Going barefoot is the gentlest way of walking and can symbolise a way of living – being authentic, vulnerable, sensitive to our surroundings. It’s the feeling of enjoying warm sand beneath our toes, or carefully making our way over sharp rocks in the darkness. It’s a way of living that has the lightest impact, removing the barrier between us and nature.
— Adele Coombs, “Barefoot Dreaming”
Summer usually means many bare feet around, and light shoes. Here in Scandinavia we have had a lovely summer, sunny and filled with water time, rolls in the grass and much laughter. This year we had a first-time-ever-dipping-feet-in-the-sea at our summer house – with a new little girl in this world. So I thought – why not celebrate summer fun with some Feet and Shoes? Even science tells us about the importance of letting our feet be free…
To start with, some fancy shoes, many decades ago in Holland – wedding clogs. Surely there are many hours of work behind these. But how comfortable are they?
Now, more fancy shoes – from today. Still not very comfortable…? A poster from a Lars Wallin exhibition.
Give a girl the right shoes and she can conquer the world. – Marilyn Monroe
Comfortable shoes and the freedom to leave are the two most important things in life. – Shel Silverstein
As for me, soft leather boots and shoes are comfortable favourites. (Maybe most young people would say sneakers or trainers?) I have always wanted a pair of green ones…but never got to buy them. But someday I will!
I always judge a man by his shoes and his watch. – Tamer Hassan
I know people still do, or at least did, judge you by your shoes (and your whole appearance of course). But shoes. When my mother was young, boots should be impeccably shining, and so should any pair of shoes. She was very particular about her dancing shoes.
But there are still places in the world where not everbody has got a pair of their own.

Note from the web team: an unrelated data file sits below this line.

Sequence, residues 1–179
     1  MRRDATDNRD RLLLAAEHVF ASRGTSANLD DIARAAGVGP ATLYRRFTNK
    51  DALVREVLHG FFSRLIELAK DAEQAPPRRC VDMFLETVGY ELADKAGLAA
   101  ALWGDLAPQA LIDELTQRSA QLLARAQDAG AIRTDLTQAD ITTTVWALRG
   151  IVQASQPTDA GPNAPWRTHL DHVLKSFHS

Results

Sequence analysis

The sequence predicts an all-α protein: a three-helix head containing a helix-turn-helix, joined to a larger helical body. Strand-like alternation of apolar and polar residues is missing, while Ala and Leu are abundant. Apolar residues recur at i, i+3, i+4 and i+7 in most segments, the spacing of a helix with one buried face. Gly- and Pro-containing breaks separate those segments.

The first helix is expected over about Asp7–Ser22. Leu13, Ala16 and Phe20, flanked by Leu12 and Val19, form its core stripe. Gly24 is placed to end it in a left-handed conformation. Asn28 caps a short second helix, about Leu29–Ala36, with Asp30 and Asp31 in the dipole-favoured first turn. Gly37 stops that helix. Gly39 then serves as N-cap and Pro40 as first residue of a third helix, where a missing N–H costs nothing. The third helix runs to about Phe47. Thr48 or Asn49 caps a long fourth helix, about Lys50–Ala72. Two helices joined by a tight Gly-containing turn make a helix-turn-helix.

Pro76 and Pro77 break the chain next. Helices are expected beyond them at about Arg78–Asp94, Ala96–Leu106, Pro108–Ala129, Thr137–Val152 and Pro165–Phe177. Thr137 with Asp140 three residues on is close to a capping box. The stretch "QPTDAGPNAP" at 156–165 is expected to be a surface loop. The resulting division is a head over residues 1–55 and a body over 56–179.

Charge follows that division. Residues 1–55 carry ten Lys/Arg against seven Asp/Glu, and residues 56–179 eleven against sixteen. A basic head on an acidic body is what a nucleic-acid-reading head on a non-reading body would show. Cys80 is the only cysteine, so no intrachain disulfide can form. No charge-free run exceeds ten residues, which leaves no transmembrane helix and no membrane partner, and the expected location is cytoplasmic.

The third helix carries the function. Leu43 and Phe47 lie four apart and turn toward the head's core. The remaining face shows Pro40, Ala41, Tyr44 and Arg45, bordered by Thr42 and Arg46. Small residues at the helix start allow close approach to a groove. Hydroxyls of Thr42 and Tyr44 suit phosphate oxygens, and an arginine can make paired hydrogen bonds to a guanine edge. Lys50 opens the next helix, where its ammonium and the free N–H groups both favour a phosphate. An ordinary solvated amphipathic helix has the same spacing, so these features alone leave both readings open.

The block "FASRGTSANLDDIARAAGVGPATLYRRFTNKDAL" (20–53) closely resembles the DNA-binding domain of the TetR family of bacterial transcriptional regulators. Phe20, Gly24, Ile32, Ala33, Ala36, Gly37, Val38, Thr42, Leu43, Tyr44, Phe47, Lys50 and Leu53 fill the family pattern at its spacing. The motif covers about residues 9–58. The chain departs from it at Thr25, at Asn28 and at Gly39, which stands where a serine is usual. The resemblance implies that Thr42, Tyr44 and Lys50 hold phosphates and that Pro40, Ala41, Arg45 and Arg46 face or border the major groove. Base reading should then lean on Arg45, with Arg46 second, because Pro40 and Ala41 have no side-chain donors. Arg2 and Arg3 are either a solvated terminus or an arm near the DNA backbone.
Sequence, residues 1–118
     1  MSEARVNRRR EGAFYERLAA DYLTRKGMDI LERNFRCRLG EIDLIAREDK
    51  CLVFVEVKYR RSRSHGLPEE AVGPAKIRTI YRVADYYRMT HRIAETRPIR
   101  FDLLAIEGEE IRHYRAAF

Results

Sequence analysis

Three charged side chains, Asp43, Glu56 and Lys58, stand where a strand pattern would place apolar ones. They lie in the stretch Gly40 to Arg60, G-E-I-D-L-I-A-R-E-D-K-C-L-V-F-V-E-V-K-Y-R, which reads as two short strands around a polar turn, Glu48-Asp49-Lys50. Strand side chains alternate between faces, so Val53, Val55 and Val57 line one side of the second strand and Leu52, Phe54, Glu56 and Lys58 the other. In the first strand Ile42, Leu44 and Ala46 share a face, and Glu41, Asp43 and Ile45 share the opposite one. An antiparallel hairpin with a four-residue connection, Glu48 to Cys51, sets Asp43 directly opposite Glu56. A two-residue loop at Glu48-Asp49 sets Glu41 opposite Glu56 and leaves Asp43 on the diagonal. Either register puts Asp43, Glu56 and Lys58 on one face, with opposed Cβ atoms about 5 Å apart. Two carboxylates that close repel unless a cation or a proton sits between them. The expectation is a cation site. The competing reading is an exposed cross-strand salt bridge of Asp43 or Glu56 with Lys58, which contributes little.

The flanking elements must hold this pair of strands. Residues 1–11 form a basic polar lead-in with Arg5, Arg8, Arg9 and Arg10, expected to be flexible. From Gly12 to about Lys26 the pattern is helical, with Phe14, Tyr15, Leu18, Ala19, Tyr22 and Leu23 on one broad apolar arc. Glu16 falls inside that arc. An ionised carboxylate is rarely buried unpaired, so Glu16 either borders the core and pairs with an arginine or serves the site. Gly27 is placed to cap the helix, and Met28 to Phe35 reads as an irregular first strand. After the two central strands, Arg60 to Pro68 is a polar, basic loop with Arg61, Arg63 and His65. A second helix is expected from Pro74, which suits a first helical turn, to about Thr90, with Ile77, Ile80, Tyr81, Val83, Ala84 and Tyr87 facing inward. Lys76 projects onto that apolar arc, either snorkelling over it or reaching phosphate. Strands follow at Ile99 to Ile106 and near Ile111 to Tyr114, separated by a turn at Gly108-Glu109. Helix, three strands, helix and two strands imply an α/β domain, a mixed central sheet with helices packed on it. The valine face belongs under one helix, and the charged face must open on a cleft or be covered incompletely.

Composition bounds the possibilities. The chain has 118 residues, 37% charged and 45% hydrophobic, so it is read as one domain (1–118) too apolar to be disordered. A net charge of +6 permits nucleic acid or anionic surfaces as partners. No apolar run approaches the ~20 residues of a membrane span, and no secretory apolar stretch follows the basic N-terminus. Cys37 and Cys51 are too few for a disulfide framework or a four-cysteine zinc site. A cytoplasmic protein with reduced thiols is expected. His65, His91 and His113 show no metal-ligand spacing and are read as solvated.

A fun example of the importance of shoes is Crakows, they had extremely long toes and were very popular in15th century Europe. The style was thought to have originated in Kraków, Poland, but were used much earlier in Asia. To stay in shape, they were stuffed with moss or horsehair in the front. The richer and more important you were, the longer your shoes … sometimes their tip had to be chained to the wearer’s calves to let him walk at all.
Have you ever tried wearing such shoes? I have. Stumbling headlong on your face is a highly possible result…
Finally back on the beach again. First a rainy blue day…shoes abandoned, and then our new little family sweetie, barefoot, grandfather carrying her shoes. She did not wear them for the rest of that day…left them waiting all alone on a stone. I bet they were missing her tiny, soft toes…
If we were to actually walk a mile in the other person’s shoes, there’s a good chance that we’d end up opting to live the rest of our lives walking barefoot.
― Craig D. Lounsbrough
I admit I would live without shoes – if it were possible. How about you? And now it´s your turn to share any feet and shoes – we’re looking forward to your treats!
Thank you Patti, for letting us indulge in so many inspirational posts last week! On August 21 Tina will be our host for Challenge #162- hope to see you then as well. Until then… stay calm and be nice.